Since hitting the market in 2015, drugs that target poly (ADP-ribose) polymerase (PARP) have transformed the clinical management of cancers harbouring BRCA-mutations (BRCAm). AstraZeneca’s Lynparza (olaparib) was the earliest PARP inhibitor to be commercialised, earning approvals for the treatment and maintenance of breast or ovarian cancer patients following at least one line of chemotherapy.
On June 27, AstraZeneca and Merck & Co. announced positive results from the randomised, placebo-controlled Phase III SOLO-1 trial of Lynparza as a first-line maintenance therapy for women with BRCAm advanced ovarian cancer. These data position Lynparza to become the first PARP inhibitor approved as first-line therapy, providing a boost to AstraZeneca’s market-leading position against growing competition from Clovis and Tesaro.
PARP inhibitors exploit vulnerabilities in cancers with DNA repair defects to target tumors while limiting damage to normal tissue. Early research identified BRCAm as a likely biomarker for PARP inhibitor efficacy, sparking genetics-oriented clinical trials that led to Lynparza’s approval and the subsequent 2016 authorization of Clovis’ Rubraca (rucaparib) for treatment of BRCAm ovarian cancer.
Meanwhile, growing preclinical evidence pointed towards the potential utility of PARP inhibitors in certain non-BRCA mutated cancers, including up to 22% of all breast tumours. In 2017, Tesaro’s Zejula (niraparib) achieved a third PARP inhibitor approval while breaking ground as maintenance therapy for platinum-sensitive ovarian cancer regardless of BRCAm status. GlobalData believes that PARP inhibitor developers will be rewarded by taking broader aim at disease spaces outside of BRCAm ovarian and breast cancers, including gastric, pancreatic, and squamous non-small cell lung cancer.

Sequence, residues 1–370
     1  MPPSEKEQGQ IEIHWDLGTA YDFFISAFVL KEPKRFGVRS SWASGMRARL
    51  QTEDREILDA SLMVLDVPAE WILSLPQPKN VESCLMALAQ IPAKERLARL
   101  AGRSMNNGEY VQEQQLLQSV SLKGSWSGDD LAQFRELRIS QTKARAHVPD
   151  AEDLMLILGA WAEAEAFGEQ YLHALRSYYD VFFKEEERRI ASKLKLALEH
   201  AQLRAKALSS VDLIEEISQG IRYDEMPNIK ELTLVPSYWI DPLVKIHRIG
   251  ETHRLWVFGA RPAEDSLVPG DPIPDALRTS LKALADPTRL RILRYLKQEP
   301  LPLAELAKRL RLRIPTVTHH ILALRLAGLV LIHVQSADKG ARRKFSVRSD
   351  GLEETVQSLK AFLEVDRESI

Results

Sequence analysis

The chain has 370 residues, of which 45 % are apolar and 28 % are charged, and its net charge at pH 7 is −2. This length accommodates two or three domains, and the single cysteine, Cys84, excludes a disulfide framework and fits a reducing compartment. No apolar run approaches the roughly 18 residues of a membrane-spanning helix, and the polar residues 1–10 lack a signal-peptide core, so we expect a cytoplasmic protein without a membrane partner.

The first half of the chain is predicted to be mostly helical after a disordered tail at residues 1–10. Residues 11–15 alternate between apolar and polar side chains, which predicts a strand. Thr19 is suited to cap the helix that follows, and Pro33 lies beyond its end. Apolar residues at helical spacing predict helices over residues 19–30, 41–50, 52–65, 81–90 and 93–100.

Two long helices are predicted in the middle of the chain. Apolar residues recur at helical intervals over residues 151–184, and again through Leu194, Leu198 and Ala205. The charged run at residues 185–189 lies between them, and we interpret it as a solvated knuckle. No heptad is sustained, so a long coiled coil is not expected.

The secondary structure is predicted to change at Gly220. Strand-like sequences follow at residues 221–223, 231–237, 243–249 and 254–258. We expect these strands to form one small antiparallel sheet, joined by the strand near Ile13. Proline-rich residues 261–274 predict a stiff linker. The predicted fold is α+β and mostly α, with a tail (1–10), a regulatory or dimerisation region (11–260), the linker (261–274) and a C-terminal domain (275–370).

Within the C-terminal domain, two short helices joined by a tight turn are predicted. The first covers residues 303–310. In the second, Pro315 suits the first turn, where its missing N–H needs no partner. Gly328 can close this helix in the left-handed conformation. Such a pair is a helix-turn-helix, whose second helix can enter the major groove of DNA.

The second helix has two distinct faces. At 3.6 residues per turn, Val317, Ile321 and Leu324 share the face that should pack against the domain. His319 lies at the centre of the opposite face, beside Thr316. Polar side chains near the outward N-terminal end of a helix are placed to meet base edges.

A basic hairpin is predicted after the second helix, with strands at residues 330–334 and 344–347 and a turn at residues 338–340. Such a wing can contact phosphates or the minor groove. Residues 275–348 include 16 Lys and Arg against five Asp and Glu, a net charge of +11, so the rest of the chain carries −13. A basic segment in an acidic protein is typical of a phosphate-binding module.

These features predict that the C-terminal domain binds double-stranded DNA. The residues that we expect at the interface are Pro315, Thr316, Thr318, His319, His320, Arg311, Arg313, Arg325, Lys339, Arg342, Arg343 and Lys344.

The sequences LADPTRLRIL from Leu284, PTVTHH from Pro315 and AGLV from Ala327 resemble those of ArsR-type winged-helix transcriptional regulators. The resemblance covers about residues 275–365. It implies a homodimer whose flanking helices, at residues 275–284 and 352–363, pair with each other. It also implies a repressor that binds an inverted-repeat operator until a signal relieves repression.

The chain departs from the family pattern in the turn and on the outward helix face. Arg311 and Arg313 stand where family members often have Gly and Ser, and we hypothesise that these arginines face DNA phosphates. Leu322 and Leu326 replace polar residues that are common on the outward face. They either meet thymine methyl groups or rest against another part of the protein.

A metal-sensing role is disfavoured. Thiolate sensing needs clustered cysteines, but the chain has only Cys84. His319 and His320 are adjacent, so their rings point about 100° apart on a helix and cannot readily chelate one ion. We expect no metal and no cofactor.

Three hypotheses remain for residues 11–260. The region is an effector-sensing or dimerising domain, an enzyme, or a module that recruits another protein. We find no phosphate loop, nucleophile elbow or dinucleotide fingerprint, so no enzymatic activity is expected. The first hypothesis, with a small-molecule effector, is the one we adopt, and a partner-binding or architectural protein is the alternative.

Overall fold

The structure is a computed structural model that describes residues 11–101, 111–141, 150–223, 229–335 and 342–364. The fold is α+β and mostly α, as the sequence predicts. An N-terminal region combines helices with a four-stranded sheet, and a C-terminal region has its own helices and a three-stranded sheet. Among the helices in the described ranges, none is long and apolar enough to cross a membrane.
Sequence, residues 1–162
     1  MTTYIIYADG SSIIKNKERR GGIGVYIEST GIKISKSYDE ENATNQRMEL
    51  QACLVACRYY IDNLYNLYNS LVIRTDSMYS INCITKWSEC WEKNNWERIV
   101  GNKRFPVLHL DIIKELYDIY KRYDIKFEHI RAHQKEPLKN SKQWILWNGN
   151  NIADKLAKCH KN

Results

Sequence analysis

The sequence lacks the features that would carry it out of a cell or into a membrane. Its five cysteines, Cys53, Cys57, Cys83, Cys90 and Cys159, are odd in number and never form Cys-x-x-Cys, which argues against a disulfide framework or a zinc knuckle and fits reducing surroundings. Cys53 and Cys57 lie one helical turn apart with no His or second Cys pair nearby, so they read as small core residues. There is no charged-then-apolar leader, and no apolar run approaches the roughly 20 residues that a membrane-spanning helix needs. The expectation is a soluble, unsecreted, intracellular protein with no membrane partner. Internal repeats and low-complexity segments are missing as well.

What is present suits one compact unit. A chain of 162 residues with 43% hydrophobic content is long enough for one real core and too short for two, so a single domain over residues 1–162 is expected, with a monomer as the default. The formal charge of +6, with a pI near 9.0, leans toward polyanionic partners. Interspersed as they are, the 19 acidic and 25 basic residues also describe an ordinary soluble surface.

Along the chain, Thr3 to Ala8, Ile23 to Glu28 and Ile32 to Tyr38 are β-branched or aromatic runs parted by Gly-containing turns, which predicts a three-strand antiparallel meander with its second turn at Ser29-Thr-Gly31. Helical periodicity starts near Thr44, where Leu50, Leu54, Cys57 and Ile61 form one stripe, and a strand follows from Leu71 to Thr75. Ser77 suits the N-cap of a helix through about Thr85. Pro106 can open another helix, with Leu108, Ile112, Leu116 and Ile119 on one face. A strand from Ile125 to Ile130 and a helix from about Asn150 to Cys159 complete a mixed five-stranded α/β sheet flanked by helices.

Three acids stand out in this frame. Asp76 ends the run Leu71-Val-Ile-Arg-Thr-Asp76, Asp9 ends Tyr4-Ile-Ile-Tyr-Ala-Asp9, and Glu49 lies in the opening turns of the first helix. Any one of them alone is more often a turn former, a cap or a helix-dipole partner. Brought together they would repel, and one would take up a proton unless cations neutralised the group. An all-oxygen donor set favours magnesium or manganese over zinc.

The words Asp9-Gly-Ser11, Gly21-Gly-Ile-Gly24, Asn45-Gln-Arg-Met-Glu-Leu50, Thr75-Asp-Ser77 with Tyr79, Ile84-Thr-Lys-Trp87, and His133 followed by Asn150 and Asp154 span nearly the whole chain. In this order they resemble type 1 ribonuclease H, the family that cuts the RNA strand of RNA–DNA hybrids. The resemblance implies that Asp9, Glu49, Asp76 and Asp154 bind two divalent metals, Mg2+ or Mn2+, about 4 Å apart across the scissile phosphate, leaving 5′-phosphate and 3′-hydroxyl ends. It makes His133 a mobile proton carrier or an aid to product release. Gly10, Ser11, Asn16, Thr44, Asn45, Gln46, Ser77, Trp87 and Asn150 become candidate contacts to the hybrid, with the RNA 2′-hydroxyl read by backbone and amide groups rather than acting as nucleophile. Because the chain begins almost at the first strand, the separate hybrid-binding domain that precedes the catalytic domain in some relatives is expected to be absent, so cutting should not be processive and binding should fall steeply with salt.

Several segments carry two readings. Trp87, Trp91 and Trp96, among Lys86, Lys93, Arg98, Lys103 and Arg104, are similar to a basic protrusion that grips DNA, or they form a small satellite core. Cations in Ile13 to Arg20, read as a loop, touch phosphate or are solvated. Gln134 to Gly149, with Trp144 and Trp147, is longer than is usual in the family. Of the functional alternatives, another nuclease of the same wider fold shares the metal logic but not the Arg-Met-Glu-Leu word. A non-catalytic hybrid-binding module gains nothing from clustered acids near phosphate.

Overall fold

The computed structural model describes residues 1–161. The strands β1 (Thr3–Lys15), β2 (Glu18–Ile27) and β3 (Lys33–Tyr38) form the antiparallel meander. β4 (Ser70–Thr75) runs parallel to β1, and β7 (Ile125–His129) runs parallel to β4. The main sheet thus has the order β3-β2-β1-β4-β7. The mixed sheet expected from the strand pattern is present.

Experts interviewed by GlobalData are confident that Lynparza will soon be approved in the front-line setting for ovarian cancer, and are optimistic about its potential in metastatic prostate cancer. However, they also noted Lynparza’s relatively similar efficacy and toxicity compared with other approved PARP inhibitors, suggesting that the label differences between the brands may eventually equalize as other planned or ongoing trials progress.
Alternative treatments in the pipeline
The late-stage clinical pipeline is crowded with experimental and approved products seeking label expansions. Both Clovis and Tesaro are conducting several Phase III trials with their respective products in prostate cancer, metastatic breast cancer, and ovarian cancer. Pharmaceutical giants Pfizer and AbbVie are also poised to enter the PARP inhibitor space. In early June, Pfizer was granted Priority Review by the FDA for its experimental PARP inhibitor, talazoparib, in patients with inherited BRCAm with metastatic triple negative or hormone receptor-positive(HR+)/HER2-negative breast cancer.
Nevertheless, Lynparza has maintained its position, leading all PARP inhibitors with $119M in Q1 2018 sales. In comparison, sales for Rubraca and Zejula over that same period totaled $18.5M and $49M, respectively. AstraZeneca also remains the only company with a marketed PARP inhibitor in Asia.
Initially greenlit in early 2018 for the maintenance treatment of platinum-sensitive ovarian cancer in Japan, Lynparza kept its momentum with a second Japan approval in July for use in patients with HER2-negative BRCAm breast cancer. The drug is in several Phase III trials, including as a monotherapy for metastatic castration-resistant prostate cancer and as a combination with paclitaxel for advanced gastric cancer.
GlobalData believes that AstraZeneca faces a saturated future market, and will need to leverage its geographic, trial enrollment, and early launch advantages in order to remain the long-term market leader of PARP inhibitors.